Reckless bankers face bonus losses under new UK rules
Proposed regime will allow bonuses to be clawed back seven years after being awarded
Governor of the Bank of England Mark Carney. Photograph: Lefteris Pitarakis/PA Wire
The Bank of England today confirmed plans for a tough new regime for reckless bankers allowing bonuses to be clawed back seven years after they are awarded.
Changes to the Bank’s remuneration code will also mean that even pay-outs that have already been pocketed could be reclaimed.
The announcement comes after a consultation launched earlier this year and the new rules are expected to come into force from January next year, in time for the next round of City bonuses.
It follows the financial crisis and a series of scandals in recent years, such as the mis-selling of payment protection insurance (PPI), which has already cost the banking industry more than £20 billion in compensation costs so far.
Bonus rules have been strengthened since the credit crunch struck, with bank payouts deferred for five years and made largely in shares.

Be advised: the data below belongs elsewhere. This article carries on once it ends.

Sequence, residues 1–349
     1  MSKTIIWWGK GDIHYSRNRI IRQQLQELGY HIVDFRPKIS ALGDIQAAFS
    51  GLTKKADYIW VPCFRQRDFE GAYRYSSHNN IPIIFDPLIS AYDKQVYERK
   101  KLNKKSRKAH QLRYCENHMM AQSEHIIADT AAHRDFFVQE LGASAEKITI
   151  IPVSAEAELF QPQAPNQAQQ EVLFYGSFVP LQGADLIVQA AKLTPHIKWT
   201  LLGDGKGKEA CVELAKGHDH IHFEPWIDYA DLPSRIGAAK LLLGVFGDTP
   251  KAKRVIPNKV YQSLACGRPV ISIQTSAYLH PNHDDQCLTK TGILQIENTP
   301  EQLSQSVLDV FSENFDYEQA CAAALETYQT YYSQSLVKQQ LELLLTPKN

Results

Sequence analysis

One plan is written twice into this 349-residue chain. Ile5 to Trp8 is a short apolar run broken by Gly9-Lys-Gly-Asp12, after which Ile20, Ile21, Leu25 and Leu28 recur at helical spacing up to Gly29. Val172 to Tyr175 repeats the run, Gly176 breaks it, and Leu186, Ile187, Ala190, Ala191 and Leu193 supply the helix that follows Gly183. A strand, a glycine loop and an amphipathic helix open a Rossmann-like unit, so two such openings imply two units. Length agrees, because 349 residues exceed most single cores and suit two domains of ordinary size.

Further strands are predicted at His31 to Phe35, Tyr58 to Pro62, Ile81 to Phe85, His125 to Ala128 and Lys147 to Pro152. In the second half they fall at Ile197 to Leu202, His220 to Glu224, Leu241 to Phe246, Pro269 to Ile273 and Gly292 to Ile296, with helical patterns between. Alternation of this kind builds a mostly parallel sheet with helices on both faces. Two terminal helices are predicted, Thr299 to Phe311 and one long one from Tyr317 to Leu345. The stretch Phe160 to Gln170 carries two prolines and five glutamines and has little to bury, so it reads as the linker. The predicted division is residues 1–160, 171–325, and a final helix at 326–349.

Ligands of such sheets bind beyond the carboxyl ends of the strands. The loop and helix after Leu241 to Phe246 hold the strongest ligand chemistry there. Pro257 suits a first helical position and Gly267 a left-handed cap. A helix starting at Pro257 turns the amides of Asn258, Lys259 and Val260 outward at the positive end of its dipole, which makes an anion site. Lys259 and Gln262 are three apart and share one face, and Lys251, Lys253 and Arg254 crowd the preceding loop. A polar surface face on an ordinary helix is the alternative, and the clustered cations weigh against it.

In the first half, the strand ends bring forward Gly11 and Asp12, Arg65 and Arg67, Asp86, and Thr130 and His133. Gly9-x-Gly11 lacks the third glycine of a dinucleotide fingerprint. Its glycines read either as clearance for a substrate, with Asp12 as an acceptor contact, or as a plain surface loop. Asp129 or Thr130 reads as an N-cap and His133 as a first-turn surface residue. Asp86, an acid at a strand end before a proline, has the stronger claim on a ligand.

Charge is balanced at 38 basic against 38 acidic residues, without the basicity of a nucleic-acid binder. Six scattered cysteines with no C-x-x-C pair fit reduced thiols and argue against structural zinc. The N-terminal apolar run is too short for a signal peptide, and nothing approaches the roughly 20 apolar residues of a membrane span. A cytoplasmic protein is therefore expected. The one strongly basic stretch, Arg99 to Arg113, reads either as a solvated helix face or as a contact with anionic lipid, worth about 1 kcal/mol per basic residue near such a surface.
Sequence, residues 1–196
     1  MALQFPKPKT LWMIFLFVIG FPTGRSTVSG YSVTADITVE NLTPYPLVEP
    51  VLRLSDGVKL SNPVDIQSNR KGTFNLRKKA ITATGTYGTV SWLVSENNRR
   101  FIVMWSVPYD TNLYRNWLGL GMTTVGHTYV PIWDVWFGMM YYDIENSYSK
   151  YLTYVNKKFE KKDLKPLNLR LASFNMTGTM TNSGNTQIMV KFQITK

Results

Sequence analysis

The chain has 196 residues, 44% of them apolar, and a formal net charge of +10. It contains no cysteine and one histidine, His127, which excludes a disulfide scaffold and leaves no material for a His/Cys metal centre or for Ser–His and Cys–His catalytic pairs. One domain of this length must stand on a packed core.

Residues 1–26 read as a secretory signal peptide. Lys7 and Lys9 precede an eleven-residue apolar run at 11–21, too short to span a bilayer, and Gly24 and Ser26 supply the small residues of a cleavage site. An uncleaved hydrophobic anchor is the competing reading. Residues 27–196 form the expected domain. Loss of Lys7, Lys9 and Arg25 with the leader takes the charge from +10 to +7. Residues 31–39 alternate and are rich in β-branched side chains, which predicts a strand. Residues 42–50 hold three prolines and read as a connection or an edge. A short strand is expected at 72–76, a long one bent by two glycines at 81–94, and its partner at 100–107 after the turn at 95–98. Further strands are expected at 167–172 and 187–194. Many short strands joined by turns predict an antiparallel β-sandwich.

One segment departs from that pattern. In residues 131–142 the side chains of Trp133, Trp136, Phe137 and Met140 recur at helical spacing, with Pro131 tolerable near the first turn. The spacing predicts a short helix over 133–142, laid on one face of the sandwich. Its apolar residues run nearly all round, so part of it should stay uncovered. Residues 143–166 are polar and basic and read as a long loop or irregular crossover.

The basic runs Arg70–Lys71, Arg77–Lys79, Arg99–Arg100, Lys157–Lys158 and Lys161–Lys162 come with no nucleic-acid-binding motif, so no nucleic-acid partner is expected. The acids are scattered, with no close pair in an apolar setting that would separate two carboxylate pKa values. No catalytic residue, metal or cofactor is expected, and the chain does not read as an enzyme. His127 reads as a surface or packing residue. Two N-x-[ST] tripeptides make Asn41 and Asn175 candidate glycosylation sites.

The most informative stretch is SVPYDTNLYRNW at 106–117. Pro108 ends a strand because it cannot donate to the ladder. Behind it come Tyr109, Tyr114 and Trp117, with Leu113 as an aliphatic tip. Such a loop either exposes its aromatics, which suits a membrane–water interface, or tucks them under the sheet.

But there has been frustration that millions of pounds in bonuses paid out in the run-up to the banking meltdown are untouchable.
The rules on clawback set out by the Bank’s Prudential Regulation Authority (PRA) will not apply retrospectively. It said there was a concern that many firms might have to obtain the consent of employees for this and “might be open to challenge for doing so”. “In order to ensure a consistent and even application of the clawback requirement across industry, the final rule requires the application of clawback only to awards made on or after 1 January 2015.” The rules were announced as the PRA and
City regulator the Financial Conduct Authority (FCA) published consultations on “improving individual responsibility and accountability in the banking sector”. It follows recommendations last year by the Parliamentary Commission for Banking Standards (PCBS). A Treasury spokesman said: “This Government has been clear that banks must act responsibly in setting their pay policies, and we have consistently taken robust action to tackle inappropriate remuneration.”